So you can imagine how disappointed I was when my critics group, the Online Film Critics Society, gave the film two of its year-end awards. Best Supporting Actor for Mickey Rourke and, even worse, Best Cinematography for Mr. Half-Assed Jack-of-All-Trades-Master-of-None Robert Rodriguez. The director of Shark-Boy and Lava-Girl. Remember a few years ago when Conan O'Brien made that joke about how Catherine Keener won the OFCS award for Best Supporting Actress, beating out Lieutenant Uhura? This is the type of thing that reinforces the public perception of our group as a bunch of geeks. I mean, I wouldn't mind if it was film geeks, but Sin City voters are, I suspect, more the type of geeks who hang out at the comic book store, and have never spoken to a girl. I know, I was one of them once. I just wish they would outgrow it, now that they are in a fancy OFCS awards-giving body. Womens heads mounted like trophies on a wall is not cool or even really demented and sick, it is just moronic.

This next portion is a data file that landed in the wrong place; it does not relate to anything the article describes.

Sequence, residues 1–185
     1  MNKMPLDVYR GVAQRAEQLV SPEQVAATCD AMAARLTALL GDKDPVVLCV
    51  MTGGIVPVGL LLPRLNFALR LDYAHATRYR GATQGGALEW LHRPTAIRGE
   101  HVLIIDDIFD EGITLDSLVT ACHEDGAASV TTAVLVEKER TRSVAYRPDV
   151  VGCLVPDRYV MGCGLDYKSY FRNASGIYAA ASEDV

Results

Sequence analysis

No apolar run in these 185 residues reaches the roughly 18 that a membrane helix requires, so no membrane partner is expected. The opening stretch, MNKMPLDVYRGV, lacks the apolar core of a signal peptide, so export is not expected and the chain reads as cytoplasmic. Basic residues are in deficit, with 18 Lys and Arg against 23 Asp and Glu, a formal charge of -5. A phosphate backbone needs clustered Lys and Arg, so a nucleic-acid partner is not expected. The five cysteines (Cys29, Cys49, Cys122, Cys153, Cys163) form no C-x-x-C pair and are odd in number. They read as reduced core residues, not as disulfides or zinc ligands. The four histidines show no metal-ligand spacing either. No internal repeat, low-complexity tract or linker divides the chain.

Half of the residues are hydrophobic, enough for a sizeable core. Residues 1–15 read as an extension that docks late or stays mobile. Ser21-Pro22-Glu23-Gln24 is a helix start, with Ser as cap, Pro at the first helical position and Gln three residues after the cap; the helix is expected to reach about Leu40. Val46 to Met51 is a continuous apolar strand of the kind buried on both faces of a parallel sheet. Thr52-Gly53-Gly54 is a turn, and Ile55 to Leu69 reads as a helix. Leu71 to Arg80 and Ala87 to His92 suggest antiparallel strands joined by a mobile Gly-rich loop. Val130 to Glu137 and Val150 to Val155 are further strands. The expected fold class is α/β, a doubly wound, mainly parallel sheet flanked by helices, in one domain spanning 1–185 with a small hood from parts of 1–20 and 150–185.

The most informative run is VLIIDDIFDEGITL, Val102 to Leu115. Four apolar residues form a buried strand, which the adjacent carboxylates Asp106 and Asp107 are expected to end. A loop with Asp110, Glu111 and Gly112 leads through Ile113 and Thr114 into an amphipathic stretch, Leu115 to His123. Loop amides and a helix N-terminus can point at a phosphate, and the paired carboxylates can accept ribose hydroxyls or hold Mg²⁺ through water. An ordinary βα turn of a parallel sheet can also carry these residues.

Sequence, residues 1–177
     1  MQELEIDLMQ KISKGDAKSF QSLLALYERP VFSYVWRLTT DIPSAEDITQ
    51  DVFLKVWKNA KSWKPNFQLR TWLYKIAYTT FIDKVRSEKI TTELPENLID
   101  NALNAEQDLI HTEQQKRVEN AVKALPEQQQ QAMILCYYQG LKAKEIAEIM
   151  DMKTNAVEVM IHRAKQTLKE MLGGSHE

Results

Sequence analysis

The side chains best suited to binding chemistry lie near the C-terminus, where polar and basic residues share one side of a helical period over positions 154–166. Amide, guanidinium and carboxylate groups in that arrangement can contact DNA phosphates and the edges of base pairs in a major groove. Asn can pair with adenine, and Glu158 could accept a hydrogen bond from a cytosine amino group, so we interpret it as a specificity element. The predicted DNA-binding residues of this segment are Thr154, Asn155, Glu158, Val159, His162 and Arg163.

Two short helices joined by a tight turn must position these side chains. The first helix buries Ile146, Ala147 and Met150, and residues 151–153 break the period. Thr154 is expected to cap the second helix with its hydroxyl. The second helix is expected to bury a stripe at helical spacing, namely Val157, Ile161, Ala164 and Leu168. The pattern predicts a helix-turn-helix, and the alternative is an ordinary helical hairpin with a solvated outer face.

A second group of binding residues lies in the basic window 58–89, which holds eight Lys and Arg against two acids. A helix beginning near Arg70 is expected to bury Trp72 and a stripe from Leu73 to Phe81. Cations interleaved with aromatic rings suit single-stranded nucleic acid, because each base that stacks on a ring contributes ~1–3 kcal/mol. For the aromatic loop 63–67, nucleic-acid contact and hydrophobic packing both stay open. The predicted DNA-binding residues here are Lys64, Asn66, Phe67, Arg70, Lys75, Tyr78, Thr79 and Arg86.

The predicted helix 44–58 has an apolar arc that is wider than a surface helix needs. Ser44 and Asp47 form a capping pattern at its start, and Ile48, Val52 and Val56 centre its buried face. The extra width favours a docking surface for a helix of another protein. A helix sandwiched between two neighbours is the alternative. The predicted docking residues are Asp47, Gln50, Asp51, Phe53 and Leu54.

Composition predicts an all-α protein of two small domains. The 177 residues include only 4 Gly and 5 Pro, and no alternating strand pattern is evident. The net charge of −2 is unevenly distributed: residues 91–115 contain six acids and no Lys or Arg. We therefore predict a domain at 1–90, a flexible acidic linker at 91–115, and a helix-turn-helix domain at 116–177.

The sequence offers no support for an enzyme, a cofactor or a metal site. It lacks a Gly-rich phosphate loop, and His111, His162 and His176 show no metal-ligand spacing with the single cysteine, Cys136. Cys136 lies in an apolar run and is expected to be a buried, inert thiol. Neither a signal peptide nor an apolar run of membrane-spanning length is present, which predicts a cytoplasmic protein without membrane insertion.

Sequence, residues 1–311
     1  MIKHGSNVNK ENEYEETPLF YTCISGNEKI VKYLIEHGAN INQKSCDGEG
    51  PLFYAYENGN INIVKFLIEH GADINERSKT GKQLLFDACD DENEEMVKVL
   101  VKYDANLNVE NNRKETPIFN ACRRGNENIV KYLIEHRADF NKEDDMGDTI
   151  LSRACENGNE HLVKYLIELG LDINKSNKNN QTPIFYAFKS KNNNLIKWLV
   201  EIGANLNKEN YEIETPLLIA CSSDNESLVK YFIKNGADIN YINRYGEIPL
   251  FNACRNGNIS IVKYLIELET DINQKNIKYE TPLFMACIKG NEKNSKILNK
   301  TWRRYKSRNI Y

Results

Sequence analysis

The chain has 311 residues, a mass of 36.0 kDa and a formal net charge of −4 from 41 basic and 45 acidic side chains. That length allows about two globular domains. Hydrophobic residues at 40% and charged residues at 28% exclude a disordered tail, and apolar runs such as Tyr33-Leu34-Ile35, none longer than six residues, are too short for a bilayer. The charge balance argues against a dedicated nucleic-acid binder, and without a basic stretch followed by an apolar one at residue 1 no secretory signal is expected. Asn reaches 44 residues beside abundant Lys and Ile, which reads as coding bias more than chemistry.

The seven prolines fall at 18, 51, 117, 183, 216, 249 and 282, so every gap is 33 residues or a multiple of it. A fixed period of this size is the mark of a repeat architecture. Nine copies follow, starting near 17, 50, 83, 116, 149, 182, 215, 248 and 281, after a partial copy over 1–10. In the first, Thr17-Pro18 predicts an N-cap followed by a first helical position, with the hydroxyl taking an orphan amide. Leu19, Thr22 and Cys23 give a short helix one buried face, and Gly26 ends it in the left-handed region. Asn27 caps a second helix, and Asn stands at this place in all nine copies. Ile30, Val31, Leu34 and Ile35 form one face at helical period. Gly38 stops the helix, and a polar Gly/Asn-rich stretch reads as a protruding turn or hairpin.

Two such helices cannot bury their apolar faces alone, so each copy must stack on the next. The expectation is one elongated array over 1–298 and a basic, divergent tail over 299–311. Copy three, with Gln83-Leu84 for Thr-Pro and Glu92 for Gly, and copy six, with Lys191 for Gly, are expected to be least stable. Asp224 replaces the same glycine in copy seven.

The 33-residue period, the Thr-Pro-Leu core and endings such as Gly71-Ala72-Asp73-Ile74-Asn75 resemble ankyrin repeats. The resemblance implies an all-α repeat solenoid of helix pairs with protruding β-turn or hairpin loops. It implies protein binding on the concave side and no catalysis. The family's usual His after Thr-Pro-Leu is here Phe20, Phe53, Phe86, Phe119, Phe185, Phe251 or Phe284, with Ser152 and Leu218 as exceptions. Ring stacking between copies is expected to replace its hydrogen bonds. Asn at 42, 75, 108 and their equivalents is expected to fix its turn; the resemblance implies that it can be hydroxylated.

I didn't really mean to write about Sin City, but it does piss me off, and I get carried away. Anyway, another film by a filmmaker who apparently hates women and has been lauded for it by the critical community this year is Match Point. Again, I don't get it. These "characters" he writes do not resemble any actual human beings we have ever met, and the "London" they live in bears little resemblance to any real place on this earth. (I should note that I am relying on the word of people who actually live in London, here, as I have not been there since I was a kid.) The acting is stiff and the dialogue stilted as the film plods along inexorably toward its unmistakably late Woodman unjustifiable "bitch killa" moment. We get it. You hate women. They are either simpering, oblivious dunderheads (though bless Emily Mortimer for trying to give this creation life) or coldhearted bitches who, at the drop of a hat, will turn into shrieking harridans who must be murdered. In the past ten years, I have seen one sympathetic female character in a Woody Allen film. She was a mute. Aside from being hateful (both sexist and classist), Match Point is not a well made film. It does not work as a thriller, because motivations are not clear, character behavior is not consistent, and the filmmaker spells out his banal themes with embarrassing bluntness. It's hard for me to fathom that there are people who appreciate Allen's "mastery of craft" here, while simultaneously belittling Steven Spielberg's seemingly effortless talent for audience manipulation.